Justin Cone

Wow, that’s a thought-provoking quote. And definitely something I felt about the art world while living and working in NYC (in a space owned and operated by the art world).

Thanks, Kris!


Rarely do so many words say literally nothing. I may seem like a jackass saying this, but to me the point of art or a creative work is in eliciting a response from an audience. Visceral, real, fun, thoughtful, sexy, emotional, whatever. It’s a means to it’s own end. These intellectually masturbatory critiques and analyses leave the reader bored and confused, and the writer hard – which I have always suspected is the point.

Justin Cone

“These intellectually masturbatory critiques and analyses leave the reader bored and confused”

Speak for yourself.

Tom Wolfe is talking about the art world, the largest unregulated market in the world, where billions of dollars exchange hands each day regardless of the emotional response an artist did or didn’t create. The role of critics, artists and the public is fascinating and might carry some clues to the way things work in other worlds.

If you don’t have interest or an understanding of the art world (or of Tom Wolfe’s “confusing” writing), fine, don’t say anything. But don’t piss on the words of one of the finest cultural critics of the 20th century just because you want to sound superior. That just makes you guilty of the very thing you’re attempting to criticize.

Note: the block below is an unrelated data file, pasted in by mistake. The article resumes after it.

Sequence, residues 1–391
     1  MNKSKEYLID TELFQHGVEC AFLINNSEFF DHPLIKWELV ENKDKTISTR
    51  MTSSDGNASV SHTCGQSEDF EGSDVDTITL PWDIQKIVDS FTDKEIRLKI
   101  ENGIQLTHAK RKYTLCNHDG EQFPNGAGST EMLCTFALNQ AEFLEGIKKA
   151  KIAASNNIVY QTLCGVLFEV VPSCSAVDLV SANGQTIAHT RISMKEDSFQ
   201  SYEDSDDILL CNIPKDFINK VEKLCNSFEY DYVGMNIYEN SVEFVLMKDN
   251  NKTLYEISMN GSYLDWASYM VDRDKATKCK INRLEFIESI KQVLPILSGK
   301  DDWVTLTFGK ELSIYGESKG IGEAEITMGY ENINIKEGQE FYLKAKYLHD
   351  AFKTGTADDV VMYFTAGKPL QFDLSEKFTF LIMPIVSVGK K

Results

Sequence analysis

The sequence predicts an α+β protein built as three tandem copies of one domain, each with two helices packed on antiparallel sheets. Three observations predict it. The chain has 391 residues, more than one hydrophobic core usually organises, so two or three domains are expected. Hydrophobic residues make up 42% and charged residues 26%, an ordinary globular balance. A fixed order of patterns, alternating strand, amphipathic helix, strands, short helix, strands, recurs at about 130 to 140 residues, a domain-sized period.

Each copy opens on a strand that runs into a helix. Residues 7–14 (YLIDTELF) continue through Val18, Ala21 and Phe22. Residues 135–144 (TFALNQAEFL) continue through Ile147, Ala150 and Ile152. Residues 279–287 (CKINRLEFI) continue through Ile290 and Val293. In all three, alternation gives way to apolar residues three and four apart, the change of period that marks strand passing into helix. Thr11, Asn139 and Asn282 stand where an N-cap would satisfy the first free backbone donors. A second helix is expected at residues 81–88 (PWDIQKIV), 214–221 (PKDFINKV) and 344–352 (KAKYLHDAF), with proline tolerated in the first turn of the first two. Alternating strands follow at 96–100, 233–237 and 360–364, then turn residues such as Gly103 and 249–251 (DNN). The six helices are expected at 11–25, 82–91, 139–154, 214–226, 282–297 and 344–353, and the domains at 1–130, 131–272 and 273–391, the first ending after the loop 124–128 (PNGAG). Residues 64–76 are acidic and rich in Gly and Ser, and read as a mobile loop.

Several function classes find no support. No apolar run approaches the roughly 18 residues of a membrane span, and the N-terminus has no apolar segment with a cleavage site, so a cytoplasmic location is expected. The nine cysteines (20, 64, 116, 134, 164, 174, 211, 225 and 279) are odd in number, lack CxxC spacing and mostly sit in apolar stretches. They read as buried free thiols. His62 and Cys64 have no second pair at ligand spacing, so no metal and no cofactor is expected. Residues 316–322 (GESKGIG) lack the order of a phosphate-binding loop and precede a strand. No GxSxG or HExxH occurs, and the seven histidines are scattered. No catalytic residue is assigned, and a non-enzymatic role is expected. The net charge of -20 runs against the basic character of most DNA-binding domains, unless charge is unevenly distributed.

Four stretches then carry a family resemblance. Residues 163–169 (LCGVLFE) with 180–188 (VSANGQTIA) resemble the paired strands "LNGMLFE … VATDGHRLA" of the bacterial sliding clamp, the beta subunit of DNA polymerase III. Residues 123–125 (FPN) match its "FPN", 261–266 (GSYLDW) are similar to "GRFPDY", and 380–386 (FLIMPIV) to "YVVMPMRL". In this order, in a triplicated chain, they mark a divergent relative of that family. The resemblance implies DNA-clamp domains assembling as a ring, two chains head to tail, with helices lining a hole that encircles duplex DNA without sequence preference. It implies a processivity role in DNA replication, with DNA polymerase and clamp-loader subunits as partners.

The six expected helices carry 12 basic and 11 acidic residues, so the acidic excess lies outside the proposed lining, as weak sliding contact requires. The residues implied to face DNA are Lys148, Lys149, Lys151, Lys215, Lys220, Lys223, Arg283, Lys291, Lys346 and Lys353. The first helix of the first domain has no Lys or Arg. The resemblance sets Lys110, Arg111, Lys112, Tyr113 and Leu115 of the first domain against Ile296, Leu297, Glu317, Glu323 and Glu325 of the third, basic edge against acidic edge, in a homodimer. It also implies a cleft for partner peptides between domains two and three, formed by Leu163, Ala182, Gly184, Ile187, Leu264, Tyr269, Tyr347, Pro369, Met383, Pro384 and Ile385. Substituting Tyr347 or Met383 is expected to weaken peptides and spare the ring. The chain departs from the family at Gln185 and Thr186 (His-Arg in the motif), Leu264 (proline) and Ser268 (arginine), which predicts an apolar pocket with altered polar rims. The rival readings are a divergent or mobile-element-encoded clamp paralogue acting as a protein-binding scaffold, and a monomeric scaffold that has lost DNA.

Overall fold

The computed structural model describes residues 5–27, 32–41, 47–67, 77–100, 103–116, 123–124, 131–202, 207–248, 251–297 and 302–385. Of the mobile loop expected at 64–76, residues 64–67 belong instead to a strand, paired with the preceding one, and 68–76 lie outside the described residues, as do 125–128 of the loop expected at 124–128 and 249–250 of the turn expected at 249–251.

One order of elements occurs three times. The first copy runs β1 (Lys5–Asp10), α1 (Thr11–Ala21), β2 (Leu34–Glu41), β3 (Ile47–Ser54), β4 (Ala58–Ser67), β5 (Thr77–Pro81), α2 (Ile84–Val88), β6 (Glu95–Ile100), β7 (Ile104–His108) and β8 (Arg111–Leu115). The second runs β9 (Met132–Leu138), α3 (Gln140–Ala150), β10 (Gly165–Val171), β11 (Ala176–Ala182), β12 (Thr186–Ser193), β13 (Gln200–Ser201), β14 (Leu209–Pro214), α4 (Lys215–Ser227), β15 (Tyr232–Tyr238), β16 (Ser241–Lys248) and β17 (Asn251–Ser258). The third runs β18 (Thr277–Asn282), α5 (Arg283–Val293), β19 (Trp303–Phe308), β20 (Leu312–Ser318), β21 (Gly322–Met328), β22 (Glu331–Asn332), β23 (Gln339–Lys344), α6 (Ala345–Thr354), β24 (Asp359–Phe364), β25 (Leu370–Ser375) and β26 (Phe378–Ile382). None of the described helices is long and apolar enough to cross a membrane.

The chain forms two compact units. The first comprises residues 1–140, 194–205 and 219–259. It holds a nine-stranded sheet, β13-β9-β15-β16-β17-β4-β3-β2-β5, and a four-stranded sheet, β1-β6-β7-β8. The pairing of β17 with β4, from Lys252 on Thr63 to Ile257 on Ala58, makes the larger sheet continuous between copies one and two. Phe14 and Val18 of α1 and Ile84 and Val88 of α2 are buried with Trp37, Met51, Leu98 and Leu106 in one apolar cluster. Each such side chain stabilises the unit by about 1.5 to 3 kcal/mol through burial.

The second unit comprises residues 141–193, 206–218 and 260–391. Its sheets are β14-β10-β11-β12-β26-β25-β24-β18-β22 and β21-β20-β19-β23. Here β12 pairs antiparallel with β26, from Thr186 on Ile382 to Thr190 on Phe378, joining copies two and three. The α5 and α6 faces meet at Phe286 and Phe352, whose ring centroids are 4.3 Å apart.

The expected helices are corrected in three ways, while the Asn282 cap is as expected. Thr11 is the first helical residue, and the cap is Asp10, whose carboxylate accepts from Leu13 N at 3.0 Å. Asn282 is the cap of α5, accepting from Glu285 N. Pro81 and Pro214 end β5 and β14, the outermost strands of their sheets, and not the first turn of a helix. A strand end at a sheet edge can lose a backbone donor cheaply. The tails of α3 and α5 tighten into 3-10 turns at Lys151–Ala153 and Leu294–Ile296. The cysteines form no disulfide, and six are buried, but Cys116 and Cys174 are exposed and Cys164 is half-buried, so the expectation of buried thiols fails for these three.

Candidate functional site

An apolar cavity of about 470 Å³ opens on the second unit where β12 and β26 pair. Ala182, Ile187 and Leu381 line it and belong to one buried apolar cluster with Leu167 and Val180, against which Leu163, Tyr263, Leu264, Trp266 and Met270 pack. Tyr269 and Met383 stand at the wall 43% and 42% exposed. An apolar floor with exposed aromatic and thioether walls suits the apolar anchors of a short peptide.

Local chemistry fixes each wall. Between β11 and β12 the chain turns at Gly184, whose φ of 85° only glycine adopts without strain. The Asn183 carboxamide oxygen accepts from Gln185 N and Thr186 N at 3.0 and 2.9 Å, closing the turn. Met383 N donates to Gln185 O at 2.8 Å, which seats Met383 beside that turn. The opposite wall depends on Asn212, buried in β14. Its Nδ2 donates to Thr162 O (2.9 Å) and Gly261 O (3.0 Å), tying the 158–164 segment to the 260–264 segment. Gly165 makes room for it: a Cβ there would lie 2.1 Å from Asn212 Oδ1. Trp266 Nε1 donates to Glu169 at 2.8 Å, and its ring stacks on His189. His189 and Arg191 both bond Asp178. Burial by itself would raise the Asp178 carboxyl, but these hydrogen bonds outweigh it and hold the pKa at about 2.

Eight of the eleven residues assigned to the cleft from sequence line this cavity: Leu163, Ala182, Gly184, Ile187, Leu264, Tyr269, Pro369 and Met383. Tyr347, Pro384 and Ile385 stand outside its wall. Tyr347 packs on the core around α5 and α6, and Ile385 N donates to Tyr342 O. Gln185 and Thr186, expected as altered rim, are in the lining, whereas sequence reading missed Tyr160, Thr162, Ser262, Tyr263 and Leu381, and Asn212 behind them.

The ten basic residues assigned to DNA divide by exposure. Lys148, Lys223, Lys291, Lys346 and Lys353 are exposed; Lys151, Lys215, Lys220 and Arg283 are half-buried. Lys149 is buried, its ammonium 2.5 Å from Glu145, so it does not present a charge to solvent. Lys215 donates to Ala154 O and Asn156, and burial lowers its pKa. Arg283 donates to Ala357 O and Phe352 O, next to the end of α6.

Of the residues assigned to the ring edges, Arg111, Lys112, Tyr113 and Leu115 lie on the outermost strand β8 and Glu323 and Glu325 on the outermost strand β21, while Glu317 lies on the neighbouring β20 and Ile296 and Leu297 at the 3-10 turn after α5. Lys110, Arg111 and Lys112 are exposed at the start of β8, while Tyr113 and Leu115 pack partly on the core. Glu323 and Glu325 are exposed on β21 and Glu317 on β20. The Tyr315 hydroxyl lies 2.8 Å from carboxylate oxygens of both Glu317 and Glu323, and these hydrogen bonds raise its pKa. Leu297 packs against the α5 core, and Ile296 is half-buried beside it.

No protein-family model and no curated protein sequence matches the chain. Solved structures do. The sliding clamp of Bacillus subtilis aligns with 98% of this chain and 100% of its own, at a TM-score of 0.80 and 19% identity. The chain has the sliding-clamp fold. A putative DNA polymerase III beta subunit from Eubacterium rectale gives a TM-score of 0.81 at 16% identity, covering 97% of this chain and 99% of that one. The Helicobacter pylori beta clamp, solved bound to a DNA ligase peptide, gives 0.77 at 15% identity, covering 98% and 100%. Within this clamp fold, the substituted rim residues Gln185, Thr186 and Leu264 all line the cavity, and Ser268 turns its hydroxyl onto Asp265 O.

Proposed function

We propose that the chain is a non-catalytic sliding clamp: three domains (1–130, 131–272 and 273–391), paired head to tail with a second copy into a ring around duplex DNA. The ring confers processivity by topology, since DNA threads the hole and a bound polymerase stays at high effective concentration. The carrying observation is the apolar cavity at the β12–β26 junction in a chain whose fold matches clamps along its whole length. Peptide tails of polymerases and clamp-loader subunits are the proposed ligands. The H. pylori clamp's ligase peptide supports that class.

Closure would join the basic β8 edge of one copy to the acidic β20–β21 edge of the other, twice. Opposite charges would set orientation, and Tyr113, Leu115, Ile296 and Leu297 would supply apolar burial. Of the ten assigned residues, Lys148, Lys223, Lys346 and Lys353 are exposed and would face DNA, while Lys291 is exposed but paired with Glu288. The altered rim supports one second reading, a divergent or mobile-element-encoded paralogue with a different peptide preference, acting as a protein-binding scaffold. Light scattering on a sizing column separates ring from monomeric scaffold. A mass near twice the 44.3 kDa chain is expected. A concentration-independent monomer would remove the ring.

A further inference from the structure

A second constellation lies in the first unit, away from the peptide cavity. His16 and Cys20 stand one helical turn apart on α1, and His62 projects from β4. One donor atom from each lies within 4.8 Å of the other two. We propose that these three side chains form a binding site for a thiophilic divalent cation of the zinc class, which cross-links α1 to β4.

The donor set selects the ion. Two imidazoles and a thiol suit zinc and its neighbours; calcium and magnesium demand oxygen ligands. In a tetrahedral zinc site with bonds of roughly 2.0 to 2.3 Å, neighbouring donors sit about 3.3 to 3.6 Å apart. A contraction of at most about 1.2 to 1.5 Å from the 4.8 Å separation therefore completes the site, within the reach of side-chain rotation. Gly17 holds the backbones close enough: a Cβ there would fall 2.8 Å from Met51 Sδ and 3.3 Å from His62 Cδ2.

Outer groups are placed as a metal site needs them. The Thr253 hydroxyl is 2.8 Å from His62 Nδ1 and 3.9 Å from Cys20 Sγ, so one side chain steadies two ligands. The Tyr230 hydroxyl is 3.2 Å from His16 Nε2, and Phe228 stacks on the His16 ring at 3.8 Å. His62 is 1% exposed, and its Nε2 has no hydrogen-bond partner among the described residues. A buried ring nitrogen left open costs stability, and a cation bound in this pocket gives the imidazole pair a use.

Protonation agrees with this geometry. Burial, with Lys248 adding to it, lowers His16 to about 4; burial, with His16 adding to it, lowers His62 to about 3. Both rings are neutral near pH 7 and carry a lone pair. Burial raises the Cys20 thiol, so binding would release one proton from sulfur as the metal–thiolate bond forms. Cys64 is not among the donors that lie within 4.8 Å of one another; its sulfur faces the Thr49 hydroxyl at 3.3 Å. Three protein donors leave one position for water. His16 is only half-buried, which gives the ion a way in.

So yeah, it makes you sound like a jackass. ;)


It wouldn’t be the first time. Just to get it out there, I have to say that you, your team and what you’ve created in Motionographer have brought a ton of value to this community. I’ve been employed, encouraged and more importantly inspired through the content of this site. The features and articles here are consistently thoughtful and interesting. Just want to say thanks.


Thank you so much, Brandon. That means a lot to me!

Lilian Darmono (@liliandarmono)

Lots of good points here, but what about purpose? Function? This is something we all tend to overlook, but should be one of the most important things to consider in design, the whole ‘form follows function’ tenet.

Design is at its heart, problem solving. Simple, clean, crisp vector style and explainer videos go well together, as this aesthetic is born out of decades of information graphic design. People respond well to it, the simplicity is easy and friendly to digest. When the colours are bright and the characters are heartwarming, your audience will be more receptive to the message, especially useful when the message is ‘dry’ as often they are in explainer videos.

Second thing to consider is the category of motion designers and studios who make reels: they only make up a segment of the wider world of moving-image-based design. People who make short films, for instance, don’t often have reels. In turn, those who do, as mentioned above, cater to a certain type of market, answering a specific niche market, whether it’s UI design for films, or explainer videos, or catchy gifs for online newspapers. The style would be born out of accepted, popular taste, yes, but also out of specific practical constraints, as some of you have pointed out above, such as time and budget. What you have been looking at while you’re making these shortlists, whoever you are, is just ONE particular slice of a much larger pie.